There’s a very interesting new(ish) and counter-intuitive web-only article out in Health Affairs from USC and RAND health economist Glen Melnick about emergency department (ED) capacity in California. The conventional wisdom is that emergency departments at hospitals are flooded with the uninsured, they on average lose money on their patients, and the prevailing trend is for the hospitals to close their EDs if they can get away with it. Melnick’s team looked at a decade’s worth of data from the state and found that:
- ED capacity, measured in terms of beds, expanded 20 percent over the twelve-year period, while the population rose 16.3 percent and visits increased 13.4 percent. As a result, ED beds per 100,000 population grew over the period. . . the percentage of hospitals with an ED at the beginning and end of each of the six-year periods. . . fell only slightly.
Although the total number of EDs declined, most of those closings were by-products of total hospital closings rather than specific closings by hospitals getting out of the market. So why was the conventional wisdom wrong? Not because hospitals made money on their ED “outpatient” visits–they lost money on their EDs on average. How come they then weren’t closing EDs in droves, with appalling consequences for access to health services for the poor and the availability of emergency care for all of us?
Two main reasons. The big hospitals that couldn’t politically afford to close their EDs because they are a major source of outpatient care in their communities (poster-child here being LA County of course) received enough money via the DSH program in Medicaid to stay alive. The rest of them were making so much money through providing inpatient services to the people admitted via the ED which accounted for 40% of all admissions, that they could afford to run the ED as a loss leader. And of course, though it’s politically incorrect to say it, hospitals have the ability to discover the insurance status of those coming in the ED in advance of admitting them to an inpatient bed.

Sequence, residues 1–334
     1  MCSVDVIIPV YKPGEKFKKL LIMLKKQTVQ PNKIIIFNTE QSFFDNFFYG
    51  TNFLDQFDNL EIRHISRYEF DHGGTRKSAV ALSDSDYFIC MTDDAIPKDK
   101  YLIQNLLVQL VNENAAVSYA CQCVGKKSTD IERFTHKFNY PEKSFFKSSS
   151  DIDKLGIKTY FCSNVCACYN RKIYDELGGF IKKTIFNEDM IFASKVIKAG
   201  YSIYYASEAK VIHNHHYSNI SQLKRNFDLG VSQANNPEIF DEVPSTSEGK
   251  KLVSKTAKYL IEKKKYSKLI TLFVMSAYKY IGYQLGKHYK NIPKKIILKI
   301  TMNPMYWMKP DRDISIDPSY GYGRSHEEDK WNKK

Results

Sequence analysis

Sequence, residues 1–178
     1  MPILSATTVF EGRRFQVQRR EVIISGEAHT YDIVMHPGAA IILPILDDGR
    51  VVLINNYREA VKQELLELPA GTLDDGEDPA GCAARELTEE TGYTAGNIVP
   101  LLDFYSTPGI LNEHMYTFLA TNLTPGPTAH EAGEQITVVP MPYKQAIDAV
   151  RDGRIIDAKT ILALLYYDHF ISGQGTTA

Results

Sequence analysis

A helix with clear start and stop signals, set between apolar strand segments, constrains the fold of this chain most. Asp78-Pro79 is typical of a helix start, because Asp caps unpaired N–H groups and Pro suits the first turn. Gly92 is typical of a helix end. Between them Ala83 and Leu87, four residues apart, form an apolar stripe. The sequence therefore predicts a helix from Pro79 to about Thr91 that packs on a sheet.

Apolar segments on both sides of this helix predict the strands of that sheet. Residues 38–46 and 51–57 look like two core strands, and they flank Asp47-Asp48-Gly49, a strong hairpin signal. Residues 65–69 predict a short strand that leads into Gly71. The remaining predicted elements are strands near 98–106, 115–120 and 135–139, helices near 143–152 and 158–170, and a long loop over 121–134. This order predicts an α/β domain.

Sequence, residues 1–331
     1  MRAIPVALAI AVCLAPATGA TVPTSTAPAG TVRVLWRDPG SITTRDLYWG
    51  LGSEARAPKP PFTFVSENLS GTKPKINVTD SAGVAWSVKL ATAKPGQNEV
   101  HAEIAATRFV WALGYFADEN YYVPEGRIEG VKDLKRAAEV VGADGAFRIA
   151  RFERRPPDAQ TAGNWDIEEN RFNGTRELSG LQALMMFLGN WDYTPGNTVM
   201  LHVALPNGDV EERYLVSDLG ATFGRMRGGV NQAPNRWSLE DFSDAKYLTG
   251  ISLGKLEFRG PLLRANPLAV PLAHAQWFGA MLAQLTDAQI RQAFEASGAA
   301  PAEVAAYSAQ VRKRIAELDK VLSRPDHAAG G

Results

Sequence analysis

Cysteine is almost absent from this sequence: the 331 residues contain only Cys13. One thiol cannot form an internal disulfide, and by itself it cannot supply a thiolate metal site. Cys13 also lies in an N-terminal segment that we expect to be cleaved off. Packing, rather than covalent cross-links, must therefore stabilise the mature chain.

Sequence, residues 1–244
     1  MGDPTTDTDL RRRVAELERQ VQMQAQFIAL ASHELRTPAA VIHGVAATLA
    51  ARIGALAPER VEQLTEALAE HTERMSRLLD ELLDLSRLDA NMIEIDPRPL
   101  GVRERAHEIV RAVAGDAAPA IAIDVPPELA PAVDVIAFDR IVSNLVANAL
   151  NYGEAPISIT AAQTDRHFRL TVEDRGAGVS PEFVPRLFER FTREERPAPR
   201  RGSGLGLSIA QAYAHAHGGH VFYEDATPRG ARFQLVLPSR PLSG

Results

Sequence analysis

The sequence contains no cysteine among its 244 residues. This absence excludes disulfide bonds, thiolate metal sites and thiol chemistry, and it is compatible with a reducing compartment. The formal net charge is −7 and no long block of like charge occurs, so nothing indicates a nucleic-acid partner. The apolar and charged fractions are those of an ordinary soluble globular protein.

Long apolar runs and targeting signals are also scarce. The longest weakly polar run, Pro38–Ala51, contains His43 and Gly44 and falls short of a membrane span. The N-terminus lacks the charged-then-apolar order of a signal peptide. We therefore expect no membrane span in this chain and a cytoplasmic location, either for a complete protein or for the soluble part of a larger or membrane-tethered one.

In other words, the ED is being used as a quasi-screening program. Hospitals run these screening programs all the time trawling for people in the community who might legitimately need their services. CPM is well regarded consumer marketing company that helps them do just that. Hospitals make so much money on admitting a well-insured patient for an invasive procedure that it’s worth the cost of screening many “negatives”, in say cardiology, many times over if it generates a well-paying “positive” admission. Of course hospitals are also interested in reducing their levels of bad debt from non-paying ED patients, and this delicate balance of providing care to the needy and at the same time getting hold of the well-paying admission is being played out across the country every day.
Interestingly enough, several other loss-leaders also exist in the hospital world. As this article makes clear, hospitalists don’t generate enough fees to cover the cost of employing them but they improve the throughput of a hospital by getting DRG-based patients to discharge earlier, and increase admissions by improving the lives of admitting physicians. So overall hospitalist programs improve the hospitals bottom line and so are growing. So like the ED situation, any one aspect of the economics of a hospital must be assessed in the overall scheme of how hospitals make money. And the way hospitals make money is by filling their key service lines with patients that need services and have decent insurance to pay for it.
UPDATE: ED doc Doug Evans points out to me that the response article to the Melnick study from ACEP President Wes Fields shows that most of the bed growth related to ED admissions is in the wealthier suburban hospitals, while the inner city hospitals have EDs that are increasingly over-crowded and offering poor primary care. Ambulance diversions and other mal-effects of ED overuse are on the rise according to Kellerman, Duaner, and Siegel. None of this means that, given the hand that they’ve been dealt, hospitals shouldn’t try to make money via their EDs. It also doesn’t mean that we ought to have a health “system” that doesn’t provide insurance coverage to 15% of the population and dumps that care on a handful of inner city hospitals. I think Melnick agrees.